Friends of the Los Angeles River (FoLAR) is a non-profit organization founded in 1986 to protect and restore the natural and historic heritage of the Los Angeles River and its riparian habitat through inclusive planning, education and wise stewardship. This weekly column will support our efforts toward a swimmable, fishable, boatable Los Angeles River.
There is an important L.A. River study currently in progress. It has the very long name of "Los Angeles River Ecosystem Restoration Feasibility Study". Its nickname is the "ARBOR" study -- an acronym for "Alternative with Restoration Benefits and Opportunities for Revitalization". Either way, it's a mouthful.
The big study is a 50-50 partnership between the federal lead agency: U.S. Army Corps of Engineers, and the "local sponsor": City of Los Angeles, Bureau of Engineering. It has been in progress since 2006, with projected completion in 2013, and carries a price tag of over $9 million. The focus of the study has been narrowed down to the mostly soft-bottomed Glendale Narrows, a 10-mile stretch of the river from the north tip of Griffith Park to downtown Los Angeles. It is seen as the precursor to the implementation of many Los Angeles River revitalization projects.
The goal of this study is to identify opportunity sites where ecological value can be restored to river habitat while maintaining adequate flood protection. Workshops have taken place over the past six years, allowing stakeholders to offer input, and in the coming months the two partner agencies will present to the public three plan options, which will include and condense the many ideas contributed. [In the meantime, there will be an update on the status of ARBOR study at the River Cooperation Committee Meeting to be held at 1 p.m. on Monday, July 9 at L.A. City Hall, Room 1020. The meeting will be open to the public.]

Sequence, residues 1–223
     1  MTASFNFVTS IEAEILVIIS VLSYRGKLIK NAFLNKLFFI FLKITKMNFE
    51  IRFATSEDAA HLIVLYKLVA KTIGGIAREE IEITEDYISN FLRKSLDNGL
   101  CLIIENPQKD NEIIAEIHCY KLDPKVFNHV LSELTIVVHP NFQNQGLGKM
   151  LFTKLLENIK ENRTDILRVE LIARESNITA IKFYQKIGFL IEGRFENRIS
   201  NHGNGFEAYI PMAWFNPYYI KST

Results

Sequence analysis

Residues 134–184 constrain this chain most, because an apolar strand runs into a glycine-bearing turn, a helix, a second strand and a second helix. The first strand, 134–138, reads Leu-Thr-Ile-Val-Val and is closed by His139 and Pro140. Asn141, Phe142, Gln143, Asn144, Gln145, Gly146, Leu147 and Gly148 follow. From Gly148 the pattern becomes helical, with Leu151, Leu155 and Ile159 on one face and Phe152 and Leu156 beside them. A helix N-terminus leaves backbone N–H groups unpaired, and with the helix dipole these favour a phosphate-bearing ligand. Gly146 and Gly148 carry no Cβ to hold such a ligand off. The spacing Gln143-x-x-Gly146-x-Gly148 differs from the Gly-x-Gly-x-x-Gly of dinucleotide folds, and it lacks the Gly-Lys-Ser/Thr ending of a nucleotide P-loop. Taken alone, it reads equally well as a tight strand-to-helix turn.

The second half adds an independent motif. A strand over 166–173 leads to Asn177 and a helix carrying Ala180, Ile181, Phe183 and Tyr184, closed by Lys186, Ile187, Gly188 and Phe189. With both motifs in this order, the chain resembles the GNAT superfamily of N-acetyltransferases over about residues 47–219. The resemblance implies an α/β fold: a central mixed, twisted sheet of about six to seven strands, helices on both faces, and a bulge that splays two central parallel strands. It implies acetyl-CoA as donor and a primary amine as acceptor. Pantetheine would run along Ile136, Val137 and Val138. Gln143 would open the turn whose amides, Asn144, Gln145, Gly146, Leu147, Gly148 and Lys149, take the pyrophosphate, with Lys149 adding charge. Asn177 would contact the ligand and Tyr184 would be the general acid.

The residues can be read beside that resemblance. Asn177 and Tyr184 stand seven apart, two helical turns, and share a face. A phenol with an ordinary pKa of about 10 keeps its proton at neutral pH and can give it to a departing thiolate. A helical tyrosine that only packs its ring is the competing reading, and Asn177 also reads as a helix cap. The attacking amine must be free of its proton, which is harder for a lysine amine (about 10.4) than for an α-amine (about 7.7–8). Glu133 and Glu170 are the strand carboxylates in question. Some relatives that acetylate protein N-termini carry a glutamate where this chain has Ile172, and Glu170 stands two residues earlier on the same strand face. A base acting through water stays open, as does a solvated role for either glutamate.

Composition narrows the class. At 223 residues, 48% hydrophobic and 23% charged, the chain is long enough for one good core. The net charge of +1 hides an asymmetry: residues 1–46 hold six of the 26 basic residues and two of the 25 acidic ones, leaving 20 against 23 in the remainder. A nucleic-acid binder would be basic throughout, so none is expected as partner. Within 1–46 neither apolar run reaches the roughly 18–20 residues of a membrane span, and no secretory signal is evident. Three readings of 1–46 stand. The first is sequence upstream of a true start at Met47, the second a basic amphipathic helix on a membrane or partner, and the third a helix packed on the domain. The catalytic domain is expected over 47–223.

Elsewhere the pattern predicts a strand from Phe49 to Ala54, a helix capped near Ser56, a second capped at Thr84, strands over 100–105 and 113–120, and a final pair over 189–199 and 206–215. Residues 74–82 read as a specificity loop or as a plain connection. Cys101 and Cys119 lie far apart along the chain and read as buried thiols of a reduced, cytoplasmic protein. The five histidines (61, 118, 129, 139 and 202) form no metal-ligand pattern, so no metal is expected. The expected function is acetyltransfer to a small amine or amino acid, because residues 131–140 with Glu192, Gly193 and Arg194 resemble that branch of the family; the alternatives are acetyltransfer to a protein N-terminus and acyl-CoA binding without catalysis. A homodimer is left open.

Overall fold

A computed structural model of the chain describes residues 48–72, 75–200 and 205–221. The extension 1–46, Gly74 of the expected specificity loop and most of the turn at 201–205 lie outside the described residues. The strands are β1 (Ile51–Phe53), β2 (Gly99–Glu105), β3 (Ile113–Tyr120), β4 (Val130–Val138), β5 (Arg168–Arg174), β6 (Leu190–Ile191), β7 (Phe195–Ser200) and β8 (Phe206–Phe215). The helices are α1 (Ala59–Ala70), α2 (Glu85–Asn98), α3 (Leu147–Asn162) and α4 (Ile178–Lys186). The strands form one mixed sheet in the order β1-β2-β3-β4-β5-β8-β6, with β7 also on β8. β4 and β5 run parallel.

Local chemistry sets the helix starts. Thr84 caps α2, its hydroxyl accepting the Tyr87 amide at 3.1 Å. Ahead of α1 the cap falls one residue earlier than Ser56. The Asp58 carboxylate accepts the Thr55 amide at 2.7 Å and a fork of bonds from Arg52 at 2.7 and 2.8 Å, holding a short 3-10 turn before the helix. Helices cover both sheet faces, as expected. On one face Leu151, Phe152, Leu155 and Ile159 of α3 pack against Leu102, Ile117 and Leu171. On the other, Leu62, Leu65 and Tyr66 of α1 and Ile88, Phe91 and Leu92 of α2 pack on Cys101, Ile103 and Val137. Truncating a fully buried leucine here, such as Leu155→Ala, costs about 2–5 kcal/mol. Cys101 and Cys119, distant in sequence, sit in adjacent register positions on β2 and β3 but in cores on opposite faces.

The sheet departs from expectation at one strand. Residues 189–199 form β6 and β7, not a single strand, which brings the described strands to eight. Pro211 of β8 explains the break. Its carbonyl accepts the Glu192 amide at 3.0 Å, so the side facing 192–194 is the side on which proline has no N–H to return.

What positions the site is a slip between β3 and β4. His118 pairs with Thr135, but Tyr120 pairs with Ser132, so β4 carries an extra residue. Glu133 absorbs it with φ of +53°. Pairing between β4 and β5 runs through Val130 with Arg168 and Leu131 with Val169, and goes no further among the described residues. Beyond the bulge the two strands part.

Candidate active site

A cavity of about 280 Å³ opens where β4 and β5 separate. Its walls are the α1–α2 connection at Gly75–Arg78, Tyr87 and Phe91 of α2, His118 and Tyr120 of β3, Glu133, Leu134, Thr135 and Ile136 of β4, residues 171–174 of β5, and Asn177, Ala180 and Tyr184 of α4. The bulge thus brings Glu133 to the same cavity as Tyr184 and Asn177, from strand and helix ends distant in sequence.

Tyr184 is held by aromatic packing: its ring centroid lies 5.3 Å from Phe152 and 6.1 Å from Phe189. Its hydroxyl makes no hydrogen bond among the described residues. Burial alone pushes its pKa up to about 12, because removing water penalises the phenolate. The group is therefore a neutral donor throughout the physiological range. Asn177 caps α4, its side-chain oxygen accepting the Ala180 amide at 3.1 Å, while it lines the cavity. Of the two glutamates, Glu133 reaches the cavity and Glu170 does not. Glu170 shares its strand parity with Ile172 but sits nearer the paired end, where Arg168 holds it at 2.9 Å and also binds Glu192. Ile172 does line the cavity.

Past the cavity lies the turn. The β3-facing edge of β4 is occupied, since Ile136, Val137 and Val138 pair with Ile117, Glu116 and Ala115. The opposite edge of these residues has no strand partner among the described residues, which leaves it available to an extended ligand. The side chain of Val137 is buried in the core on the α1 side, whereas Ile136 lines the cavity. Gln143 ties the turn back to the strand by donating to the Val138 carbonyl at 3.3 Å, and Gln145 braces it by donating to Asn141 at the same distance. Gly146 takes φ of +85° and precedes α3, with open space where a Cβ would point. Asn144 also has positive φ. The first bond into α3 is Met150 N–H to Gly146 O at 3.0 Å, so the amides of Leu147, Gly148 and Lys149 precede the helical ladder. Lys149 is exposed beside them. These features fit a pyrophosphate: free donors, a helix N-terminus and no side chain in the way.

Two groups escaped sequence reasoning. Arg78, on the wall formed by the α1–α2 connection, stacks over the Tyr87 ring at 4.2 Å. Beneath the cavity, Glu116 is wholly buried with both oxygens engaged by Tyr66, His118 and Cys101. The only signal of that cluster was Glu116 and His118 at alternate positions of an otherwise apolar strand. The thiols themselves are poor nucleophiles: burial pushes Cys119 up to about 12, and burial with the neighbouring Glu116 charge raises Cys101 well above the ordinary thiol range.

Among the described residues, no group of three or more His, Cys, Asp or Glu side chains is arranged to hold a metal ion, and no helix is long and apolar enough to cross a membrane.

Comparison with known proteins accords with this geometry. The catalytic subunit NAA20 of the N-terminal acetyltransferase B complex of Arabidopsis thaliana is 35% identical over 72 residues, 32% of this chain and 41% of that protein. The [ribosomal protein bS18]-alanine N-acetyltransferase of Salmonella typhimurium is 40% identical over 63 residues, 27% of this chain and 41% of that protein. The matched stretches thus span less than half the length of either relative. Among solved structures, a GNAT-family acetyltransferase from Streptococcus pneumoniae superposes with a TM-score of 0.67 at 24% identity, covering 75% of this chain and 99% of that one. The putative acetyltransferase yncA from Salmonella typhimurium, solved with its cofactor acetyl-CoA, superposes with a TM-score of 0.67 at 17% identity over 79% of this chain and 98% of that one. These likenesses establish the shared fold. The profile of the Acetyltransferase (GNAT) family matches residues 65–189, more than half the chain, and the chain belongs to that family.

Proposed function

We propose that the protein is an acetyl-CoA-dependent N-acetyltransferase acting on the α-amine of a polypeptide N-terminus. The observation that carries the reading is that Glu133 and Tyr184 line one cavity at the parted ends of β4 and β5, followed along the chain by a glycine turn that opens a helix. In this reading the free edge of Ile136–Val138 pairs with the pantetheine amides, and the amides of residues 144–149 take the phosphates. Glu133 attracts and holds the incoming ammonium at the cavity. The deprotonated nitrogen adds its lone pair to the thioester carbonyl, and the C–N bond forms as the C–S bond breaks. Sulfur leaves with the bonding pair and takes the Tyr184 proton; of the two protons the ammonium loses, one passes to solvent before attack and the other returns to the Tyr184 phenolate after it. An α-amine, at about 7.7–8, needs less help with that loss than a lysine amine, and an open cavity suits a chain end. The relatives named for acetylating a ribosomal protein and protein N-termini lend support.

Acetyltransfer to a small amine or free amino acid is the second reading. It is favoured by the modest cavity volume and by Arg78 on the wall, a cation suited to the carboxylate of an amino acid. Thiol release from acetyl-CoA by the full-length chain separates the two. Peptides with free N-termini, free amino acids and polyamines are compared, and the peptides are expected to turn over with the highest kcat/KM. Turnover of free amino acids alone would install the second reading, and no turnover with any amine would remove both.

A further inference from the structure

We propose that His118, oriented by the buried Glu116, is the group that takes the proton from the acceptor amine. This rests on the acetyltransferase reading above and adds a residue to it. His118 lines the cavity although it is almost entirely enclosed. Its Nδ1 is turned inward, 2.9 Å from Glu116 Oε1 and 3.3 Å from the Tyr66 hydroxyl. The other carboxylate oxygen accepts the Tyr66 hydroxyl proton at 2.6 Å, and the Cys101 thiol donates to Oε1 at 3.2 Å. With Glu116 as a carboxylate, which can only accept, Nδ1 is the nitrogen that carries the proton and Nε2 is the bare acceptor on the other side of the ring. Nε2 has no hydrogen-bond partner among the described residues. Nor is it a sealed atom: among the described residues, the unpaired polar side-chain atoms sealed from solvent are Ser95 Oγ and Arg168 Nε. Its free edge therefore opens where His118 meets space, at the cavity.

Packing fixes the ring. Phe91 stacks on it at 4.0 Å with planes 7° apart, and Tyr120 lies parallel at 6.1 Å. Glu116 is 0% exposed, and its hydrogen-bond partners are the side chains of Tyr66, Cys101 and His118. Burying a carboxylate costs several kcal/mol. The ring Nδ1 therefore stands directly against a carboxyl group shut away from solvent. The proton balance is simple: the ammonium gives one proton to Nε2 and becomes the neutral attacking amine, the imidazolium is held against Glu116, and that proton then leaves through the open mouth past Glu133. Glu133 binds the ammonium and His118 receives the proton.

Once a final plan is chosen, it will be vetted through an external peer review. Then, the decision document will recommend a plan to Congress for authorization. Upon approval, work will need to be funded and scheduled, most likely in phases over time. The U.S. Army Corps of Engineers will manage project construction, and the project costs will be paid 65% by federal funds and 35% by municipal funds.
Some measures that may be included in the design are native plants and invasive plant removal, natural filtration strategies, habitat connectivity for wildlife, passive recreation such as trails, and some concrete removal and reconfiguration. This will revitalize the river for animals and humans and help to clean the water. Key riverside land parcels will need to be acquired, some requiring cleanup of industrial contamination.
It's important for Angelenos to know about these major plans. Although the idea of river revitalization is reaching the public consciousness, the media hasn't reported much about the particulars of this study to the community. You may have the opportunity to attend presentations during a public comment period in 2013; until then it is always helpful to tell your federal representatives that you support river revitalization and this important study. In the meantime, when you visit the river, you can help by simply holding the vision in your mind for a lush wildlife corridor and a recreational river greenway from the mountains to the sea.
Top: Rendering for Taylor Yard from the Los Angeles River Revitalization Master Plan of 2007. Courtesy of the City of Los Angeles.
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